With as many as nine teams in last week’s AP poll, the Big Ten is among the most competitive conferences in the country; Northwestern, who fell out of the rankings in this week’s poll, and Minnesota both entered the top 25 for the first time since 2017.  It’s also important to note that 12 Big Ten teams are in the top-50 in the KenPom ratings, with only Northwestern (No. 56) and Nebraska (No. 117) missing out. The number of ranked Big Ten teams will likely decrease as the season progresses (the number has already been reduced to seven following the release of this week’s poll) since all teams are bound to lose a few games against ranked (and potentially unranked) conference opponents this season.

Having so many ranked teams should certainly be something the Big Ten can be proud of, and fans should expect a majority of these teams to get a spot in the NCAA Tournament come March. But it will still be interesting to see how these Big Ten teams fare in the postseason against high-quality competition from other Power-5 conferences and other top teams from around the country, especially with Gonzaga looming as the team to beat this season.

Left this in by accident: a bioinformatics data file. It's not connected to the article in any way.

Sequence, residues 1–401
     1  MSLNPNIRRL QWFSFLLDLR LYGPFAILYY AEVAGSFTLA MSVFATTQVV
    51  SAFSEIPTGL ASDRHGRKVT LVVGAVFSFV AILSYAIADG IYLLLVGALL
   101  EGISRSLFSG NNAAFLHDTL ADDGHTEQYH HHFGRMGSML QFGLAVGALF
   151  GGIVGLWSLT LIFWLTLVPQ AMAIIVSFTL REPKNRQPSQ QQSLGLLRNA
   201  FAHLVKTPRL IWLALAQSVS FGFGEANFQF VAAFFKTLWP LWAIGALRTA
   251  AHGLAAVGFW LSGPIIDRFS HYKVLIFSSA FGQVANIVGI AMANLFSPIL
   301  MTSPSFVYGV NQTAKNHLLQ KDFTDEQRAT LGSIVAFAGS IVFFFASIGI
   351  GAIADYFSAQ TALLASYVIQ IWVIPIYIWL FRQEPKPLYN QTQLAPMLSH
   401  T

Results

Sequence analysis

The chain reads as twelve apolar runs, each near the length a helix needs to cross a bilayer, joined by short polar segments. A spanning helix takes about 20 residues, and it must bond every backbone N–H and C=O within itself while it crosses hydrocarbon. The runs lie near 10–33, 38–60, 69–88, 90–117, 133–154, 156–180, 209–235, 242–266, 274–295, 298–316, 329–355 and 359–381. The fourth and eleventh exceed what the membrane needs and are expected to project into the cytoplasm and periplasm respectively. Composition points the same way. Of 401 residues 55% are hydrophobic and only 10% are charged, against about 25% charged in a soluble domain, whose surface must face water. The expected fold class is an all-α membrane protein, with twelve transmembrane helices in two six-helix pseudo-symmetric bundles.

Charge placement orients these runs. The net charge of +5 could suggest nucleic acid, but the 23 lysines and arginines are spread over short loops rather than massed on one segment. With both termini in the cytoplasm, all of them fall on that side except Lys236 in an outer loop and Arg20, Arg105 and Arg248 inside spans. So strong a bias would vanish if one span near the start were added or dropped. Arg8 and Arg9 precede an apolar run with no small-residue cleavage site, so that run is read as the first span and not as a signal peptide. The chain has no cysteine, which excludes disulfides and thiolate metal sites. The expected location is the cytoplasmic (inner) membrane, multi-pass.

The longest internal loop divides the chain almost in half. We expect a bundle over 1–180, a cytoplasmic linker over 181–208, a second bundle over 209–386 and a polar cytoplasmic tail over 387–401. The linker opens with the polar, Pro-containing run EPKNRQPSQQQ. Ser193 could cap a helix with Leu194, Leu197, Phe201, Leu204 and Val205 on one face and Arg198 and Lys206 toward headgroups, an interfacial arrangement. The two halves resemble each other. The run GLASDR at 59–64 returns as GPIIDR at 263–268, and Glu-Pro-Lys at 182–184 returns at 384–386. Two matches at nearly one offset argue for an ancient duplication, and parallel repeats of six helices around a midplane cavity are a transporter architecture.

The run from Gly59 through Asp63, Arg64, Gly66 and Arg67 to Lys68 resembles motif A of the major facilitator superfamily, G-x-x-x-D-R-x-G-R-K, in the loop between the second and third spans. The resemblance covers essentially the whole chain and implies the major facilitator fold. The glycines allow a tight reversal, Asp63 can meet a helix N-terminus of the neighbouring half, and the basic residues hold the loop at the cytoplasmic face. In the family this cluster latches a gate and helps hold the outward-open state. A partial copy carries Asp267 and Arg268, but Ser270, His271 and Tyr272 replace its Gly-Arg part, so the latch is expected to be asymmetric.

Second biggest talking point: Player of the Year candidates

The Big Ten also boasts some of the best players in the country, with several names already being thrown around in the National Player of the Year conversation.

Garza, last year’s Big Ten Player of the Year, Naismith Kareem Abdul-Jabbar Center of the Year and Consensus First-Team All-American, is already off to an incredible start to the season, averaging 27.5 points, 9.1 rebounds and two blocks per game. The senior center is probably the Player of the Year frontrunner, both in the Big Ten and in all of college basketball, which should be a no-brainer since his season-low in scoring so far this season is 16 points. Yes, you heard that right. 16 points was his worst performance. He’s a beast.